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Once buried in the back of the house where meals were prepared and messes contained, the kitchen has evolved into the epicentre of the home. Cooking is a communal event and loading the dishwasher is part of the party.
New home buyers often choose their floor plan based on how much they love the kitchen layout and direct their budgets on upgrades to the space.
Interior designer and show home decorator Rachel Amsterdam, with Calgary builder Homes by Avi, says she likes to stray from the traditional ideas of what we think needs to be in a kitchen.
“I love creating spaces that are functional but have visually interesting elements that are unexpected and memorable.”
She shares her research and personal insight into the latest trends in kitchen design.
Kitchen islands have been stretched to their limit, so why not have two? Amsterdam says double islands are about to make a debut.
“We’re seeing that trend. We’re also seeing islands that look like a piece of furniture with legs,” she says.
More buyers want garbage and recycling organization in their islands, too. She believes islands will continue to be square or rectangular.
“It’s more functional than a curved island and saves space.”
People still lean on quartz countertops. Quartz is king, Amsterdam says, but glossy white quartz is about to be dethroned with darker countertops beginning to emerge along with darker cabinets.
“Organics are also coming back, so natural or textured stone are choices for countertops and on back splashes. We’re seeing red brick on the walls or stacked stone,” she says.
High gloss may soon be gauche, as matte finishes on countertops, cabinets and even hardware are now coming into vogue.
Reality TV might be responsible for the ultra-organized, exquisitely dressed pantry in 2020.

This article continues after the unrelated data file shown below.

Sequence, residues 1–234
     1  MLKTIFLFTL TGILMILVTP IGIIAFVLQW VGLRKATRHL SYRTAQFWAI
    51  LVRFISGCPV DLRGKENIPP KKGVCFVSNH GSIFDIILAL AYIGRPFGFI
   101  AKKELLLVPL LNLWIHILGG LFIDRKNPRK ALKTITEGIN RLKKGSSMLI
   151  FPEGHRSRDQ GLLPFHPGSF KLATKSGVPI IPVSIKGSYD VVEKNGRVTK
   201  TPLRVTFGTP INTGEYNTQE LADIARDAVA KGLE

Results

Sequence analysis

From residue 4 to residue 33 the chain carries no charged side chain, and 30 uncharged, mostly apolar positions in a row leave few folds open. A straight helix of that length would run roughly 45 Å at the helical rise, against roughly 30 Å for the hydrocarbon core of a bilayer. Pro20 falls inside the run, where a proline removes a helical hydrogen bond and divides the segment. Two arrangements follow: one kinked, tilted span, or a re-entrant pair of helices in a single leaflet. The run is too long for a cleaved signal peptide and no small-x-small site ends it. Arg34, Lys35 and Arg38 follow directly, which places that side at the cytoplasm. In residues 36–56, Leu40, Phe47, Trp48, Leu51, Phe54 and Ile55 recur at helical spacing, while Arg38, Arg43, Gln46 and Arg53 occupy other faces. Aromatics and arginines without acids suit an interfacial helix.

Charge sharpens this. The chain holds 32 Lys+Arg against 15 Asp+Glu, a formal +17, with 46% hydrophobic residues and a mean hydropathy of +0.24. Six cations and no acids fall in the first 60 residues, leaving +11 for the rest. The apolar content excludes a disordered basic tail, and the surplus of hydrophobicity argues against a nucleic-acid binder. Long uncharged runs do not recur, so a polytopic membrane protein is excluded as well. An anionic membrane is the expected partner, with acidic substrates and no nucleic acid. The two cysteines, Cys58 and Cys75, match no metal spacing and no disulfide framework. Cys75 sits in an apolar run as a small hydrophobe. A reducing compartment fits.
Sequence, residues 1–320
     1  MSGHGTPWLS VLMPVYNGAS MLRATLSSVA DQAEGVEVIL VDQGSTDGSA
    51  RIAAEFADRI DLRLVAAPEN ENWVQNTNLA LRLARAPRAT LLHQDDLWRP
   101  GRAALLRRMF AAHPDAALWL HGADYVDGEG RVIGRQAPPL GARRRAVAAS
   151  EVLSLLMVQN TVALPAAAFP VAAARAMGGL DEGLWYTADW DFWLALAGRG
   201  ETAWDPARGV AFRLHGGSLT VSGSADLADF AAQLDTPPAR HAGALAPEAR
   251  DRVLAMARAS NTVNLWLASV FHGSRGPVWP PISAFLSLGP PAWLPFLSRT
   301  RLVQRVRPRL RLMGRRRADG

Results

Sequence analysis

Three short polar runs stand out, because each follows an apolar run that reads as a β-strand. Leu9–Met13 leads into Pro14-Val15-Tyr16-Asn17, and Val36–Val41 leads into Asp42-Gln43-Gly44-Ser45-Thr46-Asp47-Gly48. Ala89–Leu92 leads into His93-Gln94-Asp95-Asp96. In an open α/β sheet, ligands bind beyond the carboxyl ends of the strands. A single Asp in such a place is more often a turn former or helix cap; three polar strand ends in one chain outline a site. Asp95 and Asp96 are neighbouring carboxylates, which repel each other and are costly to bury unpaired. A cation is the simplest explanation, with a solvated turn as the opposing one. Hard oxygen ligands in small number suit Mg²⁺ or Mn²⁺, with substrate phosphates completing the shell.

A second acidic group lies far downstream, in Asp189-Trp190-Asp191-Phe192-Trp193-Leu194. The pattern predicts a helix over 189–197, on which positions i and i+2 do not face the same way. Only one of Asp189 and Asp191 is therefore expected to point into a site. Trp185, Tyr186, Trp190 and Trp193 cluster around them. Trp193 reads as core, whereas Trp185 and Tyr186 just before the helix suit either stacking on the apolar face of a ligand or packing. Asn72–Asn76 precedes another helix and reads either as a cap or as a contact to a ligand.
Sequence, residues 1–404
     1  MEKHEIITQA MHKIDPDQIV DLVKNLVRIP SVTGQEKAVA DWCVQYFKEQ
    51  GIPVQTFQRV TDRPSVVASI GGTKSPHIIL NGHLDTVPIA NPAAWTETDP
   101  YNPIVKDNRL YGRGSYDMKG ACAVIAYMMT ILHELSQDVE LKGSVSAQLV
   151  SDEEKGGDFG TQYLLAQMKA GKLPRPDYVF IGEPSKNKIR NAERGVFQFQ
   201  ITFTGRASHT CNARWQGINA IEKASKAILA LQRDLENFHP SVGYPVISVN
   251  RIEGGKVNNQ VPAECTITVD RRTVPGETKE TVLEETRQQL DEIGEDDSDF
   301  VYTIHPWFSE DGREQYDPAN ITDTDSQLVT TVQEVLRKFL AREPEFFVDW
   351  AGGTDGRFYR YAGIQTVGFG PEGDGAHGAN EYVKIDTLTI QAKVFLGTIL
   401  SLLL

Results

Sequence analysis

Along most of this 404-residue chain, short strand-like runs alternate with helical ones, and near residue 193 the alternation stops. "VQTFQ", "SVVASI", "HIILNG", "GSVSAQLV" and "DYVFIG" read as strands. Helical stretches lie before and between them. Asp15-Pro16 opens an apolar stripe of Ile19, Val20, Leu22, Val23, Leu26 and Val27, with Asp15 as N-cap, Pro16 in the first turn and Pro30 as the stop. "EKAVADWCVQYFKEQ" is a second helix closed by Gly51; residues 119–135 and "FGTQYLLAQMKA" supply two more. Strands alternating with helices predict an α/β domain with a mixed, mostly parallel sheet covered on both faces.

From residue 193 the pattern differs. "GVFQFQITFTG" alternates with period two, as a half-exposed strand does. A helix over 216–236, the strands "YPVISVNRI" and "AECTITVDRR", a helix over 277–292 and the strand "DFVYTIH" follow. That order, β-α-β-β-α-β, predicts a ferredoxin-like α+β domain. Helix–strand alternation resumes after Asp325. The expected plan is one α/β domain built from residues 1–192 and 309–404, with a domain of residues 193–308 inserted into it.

“There’s a trend to making your pantry more of a statement,” she says, using a fun tiled floor in a pantry as one example.
A wall-papered or colourful statement wall and ceiling, an interesting light fixture and a glass door so people can see a prettier pantry are must-haves.
“You can’t just use your pantry to store cereal boxes and dog food. You can’t hide all your things in there anymore. The Kardashians started this trend of having everything very organized and esthetic looking. We’re dressing it up in our future homes.”
Integrated fridges and dishwashers have long been the hallmark of a higher-end kitchen but as the trend becomes more popular, this seamless style will become mainstream.
“We’re even seeing integrated cabinets, where you open up one big door and there are drawers behind it,” Amsterdam says.
White, black, stainless steel, black stainless and a rumoured white stainless option — which she has yet to see — are the popular options, but brightly-coloured appliances are in our future.
“I’ve seen matte blue and forest green ranges. Dolce and Gabbana came out with a Moroccan line — very bright and very bold. I think we’ll see appliance companies present more options in the next five years,” she says.
Open shelving is big right now, a trend not for the faint of heart or clutter bug.
“I don’t know how functional that is for the regular person because things have to look perfect all the time, but open shelving is something we’re seeing a lot of. Especially open plate racks,” she says.
In addition to the aforementioned garbage and recycling cupboards, pot drawers are a must-have in most kitchens.
“Those make life easier for a lot of people.”
Stain and scratch resistant luxury vinyl plank is now more popular than hardwood and should extend throughout the main floor into the kitchen because “tile is out.” Terrazzo, however, is in, a composite material made of stone, marble, glass or quartz chips.
Plaster might stick around beginning this year. Plaster hood fans and textured fireplace fronts made of plaster are trending.
Copyright Postmedia Network Inc., 2020